RankiaPro presents 4 global funds that were picked by fund selectors and allocators on the SharingAlpha platform. Our Ardesia fund was voted as the favourite global fund in the Global Fixed Income category.
Our portfolio managers, Ron Zeltzer and Simon Gold, discuss the differences between CLOs and CDOs as well as their “secret ingredient”:
The global Collateralized Loan Obligations (CLO) market reached $1 trillion in size last year. The attractive risk-adjusted returns and floating rate coupons with an inherent Euribor floor pulled both new and veteran investors to the asset class. However, the investors’ base is still limited to a tight and sophisticated community of investors.
CLOs still suffer from affiliation to CDOs that are considered to have triggered the 2008 financial crisis. The high entry barriers in the form of expensive systems to analyse the product’s cash flows and underlying risk make it even harder for a typical investor to invest directly in the product.
Much has been written on the differences between CDOs and CLOs. Many CDOs had poor collateral and structure. Take a pile of the riskiest assets off a bank’s balance sheet in the form of sub-prime mortgages, add conflict of interest of the originator, mix it with exotic swaps, leverage and loose documentation and the recipe was a disaster.
None of these can be found in CLOs. In fact, CLOs have shown a resilient track record since the early 2000s with mild modifications and adjustments to the structure as part of investors’ evolving needs, such as the inclusion of ESG criteria. The collateral in a CLO is a reflection of the HY universe in the form of senior loans that are rated single-B and double-B. A typical CLO has over 100 loans issued by companies such as Altice, Netflix, Breitling and Dorna Sports.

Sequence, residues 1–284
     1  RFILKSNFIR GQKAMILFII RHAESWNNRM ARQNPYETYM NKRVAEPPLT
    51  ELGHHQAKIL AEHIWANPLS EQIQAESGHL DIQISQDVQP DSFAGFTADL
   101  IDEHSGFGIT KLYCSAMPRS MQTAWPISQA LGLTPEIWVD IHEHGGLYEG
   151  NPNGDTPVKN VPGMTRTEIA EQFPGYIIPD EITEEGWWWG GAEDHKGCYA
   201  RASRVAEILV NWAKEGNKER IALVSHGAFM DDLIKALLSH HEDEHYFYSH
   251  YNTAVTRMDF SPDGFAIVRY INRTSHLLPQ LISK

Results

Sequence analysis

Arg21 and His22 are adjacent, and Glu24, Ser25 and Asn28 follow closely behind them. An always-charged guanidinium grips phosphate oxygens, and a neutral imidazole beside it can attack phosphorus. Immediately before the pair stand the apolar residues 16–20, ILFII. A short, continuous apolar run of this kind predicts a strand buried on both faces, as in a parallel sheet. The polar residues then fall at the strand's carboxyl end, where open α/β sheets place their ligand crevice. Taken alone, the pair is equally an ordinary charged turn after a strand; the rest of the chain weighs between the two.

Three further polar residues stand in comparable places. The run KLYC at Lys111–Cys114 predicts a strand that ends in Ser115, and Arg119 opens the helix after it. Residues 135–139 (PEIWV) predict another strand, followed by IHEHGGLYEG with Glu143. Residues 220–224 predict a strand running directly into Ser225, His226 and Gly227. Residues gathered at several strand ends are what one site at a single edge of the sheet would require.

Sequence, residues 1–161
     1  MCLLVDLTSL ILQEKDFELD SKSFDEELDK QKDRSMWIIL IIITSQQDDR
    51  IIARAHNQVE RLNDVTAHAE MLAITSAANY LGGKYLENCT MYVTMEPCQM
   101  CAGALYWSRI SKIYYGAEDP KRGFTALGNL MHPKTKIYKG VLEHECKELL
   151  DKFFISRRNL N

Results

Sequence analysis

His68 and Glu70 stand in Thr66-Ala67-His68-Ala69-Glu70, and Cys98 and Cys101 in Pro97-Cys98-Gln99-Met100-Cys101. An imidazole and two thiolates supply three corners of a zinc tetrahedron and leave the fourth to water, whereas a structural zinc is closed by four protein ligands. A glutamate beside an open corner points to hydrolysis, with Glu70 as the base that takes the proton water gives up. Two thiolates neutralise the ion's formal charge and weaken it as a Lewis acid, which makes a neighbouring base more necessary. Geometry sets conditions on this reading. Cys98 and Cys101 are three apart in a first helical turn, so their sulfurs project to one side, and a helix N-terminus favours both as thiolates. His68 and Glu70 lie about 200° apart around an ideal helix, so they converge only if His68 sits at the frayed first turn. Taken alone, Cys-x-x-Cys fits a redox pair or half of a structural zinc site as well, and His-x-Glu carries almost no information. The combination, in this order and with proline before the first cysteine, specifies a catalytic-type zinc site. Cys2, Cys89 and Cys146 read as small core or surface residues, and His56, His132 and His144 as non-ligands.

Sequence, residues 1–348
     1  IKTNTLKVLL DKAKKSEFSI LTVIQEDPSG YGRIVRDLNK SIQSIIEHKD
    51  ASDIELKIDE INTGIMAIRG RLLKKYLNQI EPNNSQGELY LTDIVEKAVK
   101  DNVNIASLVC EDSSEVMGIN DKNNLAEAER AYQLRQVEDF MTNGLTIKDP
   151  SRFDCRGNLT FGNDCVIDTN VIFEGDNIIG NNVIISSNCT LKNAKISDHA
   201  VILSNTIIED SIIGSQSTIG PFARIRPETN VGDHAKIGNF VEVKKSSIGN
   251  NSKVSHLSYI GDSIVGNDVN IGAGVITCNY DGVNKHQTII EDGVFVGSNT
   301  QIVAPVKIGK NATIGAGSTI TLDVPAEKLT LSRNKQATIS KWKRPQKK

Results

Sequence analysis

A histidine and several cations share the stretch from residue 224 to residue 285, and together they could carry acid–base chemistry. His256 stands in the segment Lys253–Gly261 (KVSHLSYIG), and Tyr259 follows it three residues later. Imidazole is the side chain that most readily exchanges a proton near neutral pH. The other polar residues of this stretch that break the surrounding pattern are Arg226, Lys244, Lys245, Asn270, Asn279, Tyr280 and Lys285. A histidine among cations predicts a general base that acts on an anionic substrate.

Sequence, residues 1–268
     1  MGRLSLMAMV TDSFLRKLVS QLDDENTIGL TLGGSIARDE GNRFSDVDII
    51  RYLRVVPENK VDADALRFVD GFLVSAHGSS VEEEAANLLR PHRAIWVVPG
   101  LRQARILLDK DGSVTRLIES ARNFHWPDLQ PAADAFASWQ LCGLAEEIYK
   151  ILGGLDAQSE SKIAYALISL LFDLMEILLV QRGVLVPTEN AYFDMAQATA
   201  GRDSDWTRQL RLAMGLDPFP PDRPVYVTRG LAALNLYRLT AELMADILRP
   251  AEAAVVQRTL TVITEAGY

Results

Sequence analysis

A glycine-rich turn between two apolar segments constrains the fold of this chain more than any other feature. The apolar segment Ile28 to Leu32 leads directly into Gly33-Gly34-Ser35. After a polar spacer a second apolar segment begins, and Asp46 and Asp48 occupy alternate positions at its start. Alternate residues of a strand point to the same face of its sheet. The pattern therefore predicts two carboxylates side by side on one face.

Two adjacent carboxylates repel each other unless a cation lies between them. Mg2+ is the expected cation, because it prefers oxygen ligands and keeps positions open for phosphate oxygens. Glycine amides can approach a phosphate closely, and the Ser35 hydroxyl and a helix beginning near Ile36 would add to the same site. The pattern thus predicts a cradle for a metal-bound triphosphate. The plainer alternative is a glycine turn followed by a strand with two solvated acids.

The CLO finances the collateral purchase by issuing liabilities (rated tranches) and a residual class (equity tranche). Each tranche has a different level of subordination and priority in the cash flow waterfall, offering a different risk-return profile. The coupons in new issue currently range from Euribor + [1.2%] on the AAA to Euribor + [9.6%] on the single-B, as of the time of writing. Euribor is floored at zero. Equity receives the residual cash flow, targeting mid-low teen IRR in base case scenarios. These liabilities and equity tranches are the investment universe of Ardesia’s CLO Opportunity fund.
Ardesia’s seeks to create attractive risk-adjusted returns by investing in different classes of CLOs, optimizing risk and return in the context of market conditions and macroeconomic risk factors. The fund is managed by veteran CLO traders and is currently invested in 50% equity tranches and 50% mezzanine tranches, varying from BBB down to B. Its uniqueness lies in the flexible mandate to invest across the capital of the CLO. The fund managers proved their ability to shift the risk-return profile as the market environment changed. During the early days of COVID the fund turned over its portfolio over 200% as the relative value of the different CLO tranches changed. The fund was awarded by GlobalCapital and SharingAlpha and was shortlisted in CreditFlux, as it delivered over 40% in the past two years.
Read the full article at RankiaPro.